Bill would clarify pupils' religious rights

February 24, 2009|By ERIN CUNNINGHAM

Bill's aim to attract, retain doctors locally

ANNAPOLIS -- John Wilson frequently fields questions from Clear Spring High School students about the limits of religious expression in school.

"They ask me, 'Am I allowed to pray at lunch?'" said Wilson, a health and physical education teacher at the school.

Wilson also is the adviser for the school's chapter of the Fellowship of Christian Athletes.

"I tell them, 'Yes, you can pray at lunch,'" Wilson said. "I don't think students know about what they can do."


A bill being considered by lawmakers in Maryland's General Assembly seeks to clarify the rules of religious expression in public schools. The legislation, sponsored by Del. Andrew A. Serafini, R-Washington, emphasizes that students are allowed to address religion in school assignments and should not be penalized or rewarded for doing so. It also states that student addresses can include religious messages and that all religious clubs should be granted equal access to school facilities.

Under the bill, students would be allowed to organize religious gatherings, which would be given the same consideration as nonreligious gatherings.

In all cases, Serafini said the bill applies to all religions, and even to those who consider themselves non-religious.

Serafini's bill will be heard March 4 before the House of Delegates Ways and Means Committee. The legislation is co-sponsored by Del. LeRoy E. Myers Jr., R-Washington/Allegany, Del. John P. Donoghue, D-Washington, and Del. Christopher B. Shank, R-Washington, and several others.

Serafini said the bill will clarify religious boundaries in the state's public schools, helping students and teachers. It also would help school districts avoid costly legal action if a student or teacher were to sue the district for infringing on that person's right to freedom of religion.

The Washington County Public Schools' student handbook states, "Students shall be free to express their religious views, concepts and/or beliefs as long as they do not interfere with the rights of others, or disturb the educational process."

For example, Wilson tells students they are free to say a prayer at lunch, but they cannot pressure their peers to participate.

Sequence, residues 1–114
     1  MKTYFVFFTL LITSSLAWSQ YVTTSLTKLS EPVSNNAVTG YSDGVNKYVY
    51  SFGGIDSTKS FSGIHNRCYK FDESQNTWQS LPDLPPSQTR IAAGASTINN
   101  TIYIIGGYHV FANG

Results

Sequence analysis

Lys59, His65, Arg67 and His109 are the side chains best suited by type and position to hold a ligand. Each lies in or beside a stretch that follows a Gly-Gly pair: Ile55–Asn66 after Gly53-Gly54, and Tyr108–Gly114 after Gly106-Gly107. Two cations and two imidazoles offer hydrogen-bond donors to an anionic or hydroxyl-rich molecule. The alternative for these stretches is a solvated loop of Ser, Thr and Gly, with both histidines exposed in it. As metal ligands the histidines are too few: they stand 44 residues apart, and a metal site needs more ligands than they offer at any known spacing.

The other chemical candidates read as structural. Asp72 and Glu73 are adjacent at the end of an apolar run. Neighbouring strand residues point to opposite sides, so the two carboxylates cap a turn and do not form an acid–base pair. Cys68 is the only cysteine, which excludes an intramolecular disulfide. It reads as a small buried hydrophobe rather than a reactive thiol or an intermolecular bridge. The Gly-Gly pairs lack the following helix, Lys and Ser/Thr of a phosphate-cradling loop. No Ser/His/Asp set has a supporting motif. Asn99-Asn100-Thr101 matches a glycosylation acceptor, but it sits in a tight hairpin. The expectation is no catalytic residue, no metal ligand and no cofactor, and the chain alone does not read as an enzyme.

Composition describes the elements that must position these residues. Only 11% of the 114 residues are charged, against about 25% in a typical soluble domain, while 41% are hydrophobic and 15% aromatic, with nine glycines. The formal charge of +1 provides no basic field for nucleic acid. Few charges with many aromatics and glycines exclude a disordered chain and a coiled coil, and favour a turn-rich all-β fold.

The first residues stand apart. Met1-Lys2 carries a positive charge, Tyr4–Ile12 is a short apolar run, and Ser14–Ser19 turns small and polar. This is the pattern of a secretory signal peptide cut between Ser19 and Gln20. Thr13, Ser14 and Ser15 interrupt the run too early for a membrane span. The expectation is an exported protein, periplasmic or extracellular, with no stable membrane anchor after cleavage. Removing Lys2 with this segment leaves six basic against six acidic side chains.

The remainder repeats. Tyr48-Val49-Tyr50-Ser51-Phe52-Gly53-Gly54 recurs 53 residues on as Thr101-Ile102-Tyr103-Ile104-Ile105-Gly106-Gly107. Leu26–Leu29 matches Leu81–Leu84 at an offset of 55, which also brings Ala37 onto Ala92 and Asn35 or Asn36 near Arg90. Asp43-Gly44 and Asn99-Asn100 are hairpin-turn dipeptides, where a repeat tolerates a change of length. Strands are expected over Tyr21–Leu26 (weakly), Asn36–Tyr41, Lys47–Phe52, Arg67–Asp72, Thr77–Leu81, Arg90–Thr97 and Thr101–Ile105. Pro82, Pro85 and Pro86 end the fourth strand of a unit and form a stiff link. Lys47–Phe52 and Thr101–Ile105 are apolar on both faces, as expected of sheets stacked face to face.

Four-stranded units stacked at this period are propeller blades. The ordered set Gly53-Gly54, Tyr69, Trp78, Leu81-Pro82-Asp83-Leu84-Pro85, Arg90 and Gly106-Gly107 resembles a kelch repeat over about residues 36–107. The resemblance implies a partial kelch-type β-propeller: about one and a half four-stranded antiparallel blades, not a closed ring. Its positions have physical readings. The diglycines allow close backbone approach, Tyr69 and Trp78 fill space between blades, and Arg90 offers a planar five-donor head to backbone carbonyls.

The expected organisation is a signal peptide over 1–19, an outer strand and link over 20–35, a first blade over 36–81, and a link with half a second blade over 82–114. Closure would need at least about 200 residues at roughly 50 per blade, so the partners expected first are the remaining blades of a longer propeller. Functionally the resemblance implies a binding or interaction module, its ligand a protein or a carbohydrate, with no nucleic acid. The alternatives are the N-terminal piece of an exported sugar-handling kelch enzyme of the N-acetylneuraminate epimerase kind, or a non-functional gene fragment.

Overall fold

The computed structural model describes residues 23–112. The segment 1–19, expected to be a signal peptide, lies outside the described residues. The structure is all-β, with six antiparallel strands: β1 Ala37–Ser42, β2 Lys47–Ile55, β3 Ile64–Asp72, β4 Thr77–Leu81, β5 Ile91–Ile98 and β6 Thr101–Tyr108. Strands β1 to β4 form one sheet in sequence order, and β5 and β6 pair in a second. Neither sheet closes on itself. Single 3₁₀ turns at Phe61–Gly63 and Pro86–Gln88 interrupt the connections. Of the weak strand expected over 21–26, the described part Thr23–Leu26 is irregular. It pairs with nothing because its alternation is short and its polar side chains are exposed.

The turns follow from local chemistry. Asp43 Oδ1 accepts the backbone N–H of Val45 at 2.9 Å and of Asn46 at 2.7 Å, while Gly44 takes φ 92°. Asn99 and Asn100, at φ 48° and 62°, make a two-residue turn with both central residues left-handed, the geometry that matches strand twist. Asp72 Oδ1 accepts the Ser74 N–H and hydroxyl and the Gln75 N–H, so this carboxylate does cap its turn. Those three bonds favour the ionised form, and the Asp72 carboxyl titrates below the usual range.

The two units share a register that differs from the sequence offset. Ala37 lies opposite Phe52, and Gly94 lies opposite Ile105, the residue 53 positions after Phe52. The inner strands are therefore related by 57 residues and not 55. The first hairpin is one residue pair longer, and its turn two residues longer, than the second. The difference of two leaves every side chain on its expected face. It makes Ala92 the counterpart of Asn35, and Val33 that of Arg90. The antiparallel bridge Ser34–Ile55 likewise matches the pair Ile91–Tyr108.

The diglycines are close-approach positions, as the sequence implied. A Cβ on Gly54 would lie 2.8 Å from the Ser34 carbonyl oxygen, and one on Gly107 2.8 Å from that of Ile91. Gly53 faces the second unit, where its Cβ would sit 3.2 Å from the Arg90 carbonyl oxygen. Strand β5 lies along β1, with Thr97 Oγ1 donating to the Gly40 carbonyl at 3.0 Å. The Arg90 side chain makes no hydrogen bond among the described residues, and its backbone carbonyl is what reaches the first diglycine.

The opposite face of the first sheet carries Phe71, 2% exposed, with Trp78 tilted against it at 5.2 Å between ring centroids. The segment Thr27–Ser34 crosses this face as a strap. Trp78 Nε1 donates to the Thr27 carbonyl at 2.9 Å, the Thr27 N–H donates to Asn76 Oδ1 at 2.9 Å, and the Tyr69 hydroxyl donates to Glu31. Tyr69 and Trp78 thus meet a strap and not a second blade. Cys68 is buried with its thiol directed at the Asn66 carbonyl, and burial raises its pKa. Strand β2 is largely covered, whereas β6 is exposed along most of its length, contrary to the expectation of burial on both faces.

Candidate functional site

Serafini's bill is identical to one adopted by state lawmakers in Texas several years ago, and has been reviewed by lawyers who say it is constitutional, he said.

There will be critics who fear his bill will bring schools closer to reinstating prayer in the classroom, but Serafini said that is not the intent of the bill. If offers no additional rights to students and only clarifies the rights they currently have.

"I would never want to see any example of a student's constitutional right to freedom of expression (being infringed upon)," Shank said. "Students have a constitutional right to express their beliefs."

He said the bill would be a way to ensure those rights are respected consistently statewide.

Current practice

Wilson said that the 20 students involved in the Fellowship of Christian Athletes organization at Clear Spring High meet either before or after school, not during school hours.

"Basically, we help fulfill the spiritual needs and needs in general of the student population," he said.

Students talk about current events and the lessons the Bible teaches about those events.

"What does the Bible say about handling your money? Handling the economy? What does the Bible say about bullying? We talk about issues these teens are facing, but we also include the biblical background on it," Wilson said.

The club organizes an alcohol- and drug-free party for those looking for something do after prom, and each year it puts together the "See You at the Pole" event. Students and staff who participate meet at the school's flagpole to pray and worship before school.

Clear Spring's participation is part of a national program, and several Washington County Public Schools coordinated similar events last year.

North Hagerstown High School's Fellowship of Christian Athletes group organized a Fields of Faith event on the school's football field in 2007 that drew about 100 people for a night of fellowship and praise. The year before, the event was held at South Hagerstown High.

"They don't know that they are allowed to do a lot of these things," Wilson said.

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